On William Hogarth’s The Graham Children (1742)

Kevin Densley

In the background, the eyes of the family cat glare
scaring a caged bird.
Note the clock on the left,
surmounted by Cupid wielding a scythe,
suggesting that childhood is short;
then, there’s the boy on the right
happily playing with his music box,
apparently believing the bird
is singing along with his joyful tune
when instead its song is one of terror 
at the nearby cat.
And Daniel Graham's four children
look to have stepped into light
ahead of enveloping gloom.

To me, this ekphrastic poem mainly deals with happiness and melancholy, the inevitable passing of time, and children and pets. Having said this, each reader will interpret it in their own particular way, of course.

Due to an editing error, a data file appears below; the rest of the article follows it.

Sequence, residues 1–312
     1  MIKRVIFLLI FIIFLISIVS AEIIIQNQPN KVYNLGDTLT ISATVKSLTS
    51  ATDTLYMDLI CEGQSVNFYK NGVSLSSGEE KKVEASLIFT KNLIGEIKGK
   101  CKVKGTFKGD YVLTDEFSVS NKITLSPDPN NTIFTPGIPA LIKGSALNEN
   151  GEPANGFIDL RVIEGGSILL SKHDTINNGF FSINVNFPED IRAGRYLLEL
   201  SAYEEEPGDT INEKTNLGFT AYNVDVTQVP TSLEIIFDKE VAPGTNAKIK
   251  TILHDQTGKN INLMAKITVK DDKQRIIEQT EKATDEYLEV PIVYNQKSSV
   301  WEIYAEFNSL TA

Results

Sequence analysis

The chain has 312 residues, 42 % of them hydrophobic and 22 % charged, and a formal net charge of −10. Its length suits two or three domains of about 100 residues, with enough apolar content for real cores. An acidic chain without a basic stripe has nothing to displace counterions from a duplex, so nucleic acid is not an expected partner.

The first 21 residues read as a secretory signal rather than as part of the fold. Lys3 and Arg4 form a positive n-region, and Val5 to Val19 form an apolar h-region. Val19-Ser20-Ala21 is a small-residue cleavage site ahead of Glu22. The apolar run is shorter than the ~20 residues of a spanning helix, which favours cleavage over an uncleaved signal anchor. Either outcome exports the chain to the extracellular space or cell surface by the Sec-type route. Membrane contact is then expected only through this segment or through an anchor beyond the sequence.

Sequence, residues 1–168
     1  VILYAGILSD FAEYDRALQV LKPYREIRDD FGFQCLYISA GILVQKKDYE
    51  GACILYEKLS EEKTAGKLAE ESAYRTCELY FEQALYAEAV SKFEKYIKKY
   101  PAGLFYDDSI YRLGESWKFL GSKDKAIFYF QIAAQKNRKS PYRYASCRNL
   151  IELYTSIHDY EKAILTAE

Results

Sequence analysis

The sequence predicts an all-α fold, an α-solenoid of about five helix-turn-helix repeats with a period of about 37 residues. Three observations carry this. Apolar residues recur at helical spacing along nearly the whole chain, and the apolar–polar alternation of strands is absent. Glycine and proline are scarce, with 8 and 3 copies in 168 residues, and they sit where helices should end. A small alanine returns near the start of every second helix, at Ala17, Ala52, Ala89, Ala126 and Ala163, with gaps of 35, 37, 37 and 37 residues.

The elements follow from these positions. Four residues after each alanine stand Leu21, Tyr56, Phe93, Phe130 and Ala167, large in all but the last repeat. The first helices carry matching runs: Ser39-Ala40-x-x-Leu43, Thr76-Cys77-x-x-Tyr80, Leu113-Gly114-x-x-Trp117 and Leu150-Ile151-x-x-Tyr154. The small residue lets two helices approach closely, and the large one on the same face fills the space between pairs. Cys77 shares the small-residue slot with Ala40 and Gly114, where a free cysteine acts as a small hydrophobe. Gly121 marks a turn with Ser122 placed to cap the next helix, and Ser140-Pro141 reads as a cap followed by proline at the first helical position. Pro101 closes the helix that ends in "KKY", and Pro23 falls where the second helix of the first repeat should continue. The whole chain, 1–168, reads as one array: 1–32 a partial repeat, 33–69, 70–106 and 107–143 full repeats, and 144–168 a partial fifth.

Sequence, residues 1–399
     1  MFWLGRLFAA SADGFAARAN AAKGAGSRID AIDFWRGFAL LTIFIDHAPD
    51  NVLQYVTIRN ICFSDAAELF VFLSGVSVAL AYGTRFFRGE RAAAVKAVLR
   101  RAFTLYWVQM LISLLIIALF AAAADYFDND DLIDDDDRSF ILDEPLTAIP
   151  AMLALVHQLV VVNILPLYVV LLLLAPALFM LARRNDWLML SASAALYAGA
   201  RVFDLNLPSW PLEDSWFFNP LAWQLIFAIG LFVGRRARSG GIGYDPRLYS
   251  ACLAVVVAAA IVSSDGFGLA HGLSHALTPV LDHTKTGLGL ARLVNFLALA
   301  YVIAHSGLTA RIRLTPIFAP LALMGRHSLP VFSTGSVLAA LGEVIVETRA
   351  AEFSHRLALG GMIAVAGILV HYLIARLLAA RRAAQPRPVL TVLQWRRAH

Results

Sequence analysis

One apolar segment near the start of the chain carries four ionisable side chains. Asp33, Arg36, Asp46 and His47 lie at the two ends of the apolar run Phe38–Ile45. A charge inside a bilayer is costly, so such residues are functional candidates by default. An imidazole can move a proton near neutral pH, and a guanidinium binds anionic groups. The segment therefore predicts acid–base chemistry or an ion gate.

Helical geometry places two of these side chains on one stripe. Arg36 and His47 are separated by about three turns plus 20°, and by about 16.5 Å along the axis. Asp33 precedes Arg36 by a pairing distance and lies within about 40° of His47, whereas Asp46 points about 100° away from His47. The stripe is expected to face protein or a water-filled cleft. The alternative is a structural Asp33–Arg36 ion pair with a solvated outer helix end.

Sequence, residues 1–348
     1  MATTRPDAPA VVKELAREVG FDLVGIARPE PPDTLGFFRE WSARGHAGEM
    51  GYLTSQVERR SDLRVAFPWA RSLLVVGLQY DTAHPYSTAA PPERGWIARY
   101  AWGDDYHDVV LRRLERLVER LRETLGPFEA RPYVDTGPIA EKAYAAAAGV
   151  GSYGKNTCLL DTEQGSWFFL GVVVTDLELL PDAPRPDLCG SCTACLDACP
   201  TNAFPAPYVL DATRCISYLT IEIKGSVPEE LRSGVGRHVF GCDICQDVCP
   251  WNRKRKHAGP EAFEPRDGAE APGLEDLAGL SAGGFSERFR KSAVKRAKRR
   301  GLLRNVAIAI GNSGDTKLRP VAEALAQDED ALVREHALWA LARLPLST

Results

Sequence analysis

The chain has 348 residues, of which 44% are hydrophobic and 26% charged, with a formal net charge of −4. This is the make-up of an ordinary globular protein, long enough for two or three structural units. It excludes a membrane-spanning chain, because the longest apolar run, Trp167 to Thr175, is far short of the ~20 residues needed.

Kevin Densley is a poet and writer-in-general. His work has appeared in print in Australia, the UK and the US, as well as on many online venues. His fourth book-length poetry collection, Sacredly Profane, was published in late 2020 by Ginninderra Press. He is also the co-author of ten play collections for young people, as well as a multi Green Room Award nominated play, Last Chance Gas, which was published by Currency Press. Recent other writing includes screenplays for films with a tertiary education purpose.

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